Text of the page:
field of sorghum set against blue skies

$5 million Gates Foundation grant targets weed-resistant crops in Africa

Dr. Gebisa Ejeta stands in a fieldStriga, a parasitic weed threatening African crops, robs maize, sorghum, rice, pearl millet and sugarcane of necessary nutrients. Its impact on production of these essential crops affects more than 100 million people across the continent.

Over the last four years, Gebisa Ejeta has found the molecular mechanisms responsible for imparting striga resistance to sorghum, identified a gene to strengthen the crop’s resistance to this weed, and distributed nearly 1 thousand tons of seed to more than 400,000 farmers in Ethiopia and Tanzania.

“With more high-throughput phenotyping and the ability to sequence a large slate of genotypes, we identified an important gene that is foundational for imparting striga resistance,” Ejeta says.

Now Ejeta, distinguished professor in the Department of Agronomy and director of the Purdue Center for Global Food Security, is setting his sights on further strengthening sorghum and other crops with a $5 million, five-year grant from the Bill & Melinda Gates Foundation. The funding will help researchers identify additional genes involved in resistance to striga.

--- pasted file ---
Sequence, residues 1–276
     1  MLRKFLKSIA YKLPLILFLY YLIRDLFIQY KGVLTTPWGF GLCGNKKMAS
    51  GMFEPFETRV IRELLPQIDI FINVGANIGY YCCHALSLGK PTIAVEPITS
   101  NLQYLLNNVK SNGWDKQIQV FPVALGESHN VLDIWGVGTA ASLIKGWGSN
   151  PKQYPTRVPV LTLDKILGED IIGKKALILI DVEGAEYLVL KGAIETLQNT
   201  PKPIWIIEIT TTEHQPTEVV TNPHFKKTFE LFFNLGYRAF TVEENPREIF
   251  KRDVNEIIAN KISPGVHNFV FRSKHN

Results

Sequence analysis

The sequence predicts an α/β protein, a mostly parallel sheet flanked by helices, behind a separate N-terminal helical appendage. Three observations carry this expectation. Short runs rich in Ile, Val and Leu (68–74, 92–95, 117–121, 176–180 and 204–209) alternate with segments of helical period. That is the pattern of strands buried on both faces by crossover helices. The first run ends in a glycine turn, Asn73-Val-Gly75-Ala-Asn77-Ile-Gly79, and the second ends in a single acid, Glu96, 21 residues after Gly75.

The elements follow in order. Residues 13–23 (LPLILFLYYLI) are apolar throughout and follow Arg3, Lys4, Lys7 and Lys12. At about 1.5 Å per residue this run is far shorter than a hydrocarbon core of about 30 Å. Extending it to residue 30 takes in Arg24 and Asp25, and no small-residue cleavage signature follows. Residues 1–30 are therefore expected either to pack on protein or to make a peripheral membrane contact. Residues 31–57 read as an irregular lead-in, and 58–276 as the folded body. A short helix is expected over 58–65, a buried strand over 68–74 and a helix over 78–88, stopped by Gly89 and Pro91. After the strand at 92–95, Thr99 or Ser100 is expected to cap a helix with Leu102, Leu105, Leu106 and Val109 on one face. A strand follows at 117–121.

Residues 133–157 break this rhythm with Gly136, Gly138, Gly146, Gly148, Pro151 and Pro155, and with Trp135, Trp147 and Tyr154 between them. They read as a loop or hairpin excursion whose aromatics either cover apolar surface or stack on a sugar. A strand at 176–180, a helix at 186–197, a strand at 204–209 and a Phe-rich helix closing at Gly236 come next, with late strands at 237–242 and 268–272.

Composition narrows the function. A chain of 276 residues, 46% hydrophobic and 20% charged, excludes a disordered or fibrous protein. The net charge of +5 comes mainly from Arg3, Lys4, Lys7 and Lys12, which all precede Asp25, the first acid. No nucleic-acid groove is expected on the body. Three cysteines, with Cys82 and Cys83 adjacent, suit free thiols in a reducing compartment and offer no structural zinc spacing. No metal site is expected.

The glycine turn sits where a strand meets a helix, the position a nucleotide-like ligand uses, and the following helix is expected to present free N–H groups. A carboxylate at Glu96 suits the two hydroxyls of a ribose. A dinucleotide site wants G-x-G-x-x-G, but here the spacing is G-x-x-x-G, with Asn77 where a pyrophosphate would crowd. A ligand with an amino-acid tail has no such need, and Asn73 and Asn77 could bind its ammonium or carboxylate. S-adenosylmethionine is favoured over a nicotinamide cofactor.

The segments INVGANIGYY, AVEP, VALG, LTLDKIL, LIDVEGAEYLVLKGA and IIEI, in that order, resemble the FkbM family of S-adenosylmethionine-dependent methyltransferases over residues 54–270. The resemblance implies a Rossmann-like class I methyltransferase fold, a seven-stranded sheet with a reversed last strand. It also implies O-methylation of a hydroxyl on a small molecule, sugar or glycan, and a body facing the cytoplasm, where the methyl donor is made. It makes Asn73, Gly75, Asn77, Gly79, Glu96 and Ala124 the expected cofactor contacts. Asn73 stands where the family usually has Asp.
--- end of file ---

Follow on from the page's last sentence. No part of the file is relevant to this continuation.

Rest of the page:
The foundation’s grant is the second for Ejeta, who was awarded the 2009 World Food Prize for his work in developing and distributing high-yielding varieties of sorghum that are also drought-tolerant and resistant to striga.

The new project will expand to support researchers in Tanzania, Kenya, Rwanda, Sudan, Niger, Nigeria, Burkina Faso and Mali to develop a breeding pipeline for more high-yielding, nutritious, disease-resistant and drought-tolerant varieties of crops. The project plans to support private seed systems that will distribute high-quality hybrid sorghum seeds more effectively in those countries.

“This creates opportunities for farmers and small businesses to engage in gainful employment and develop the agricultural industry in these countries,” Ejeta says.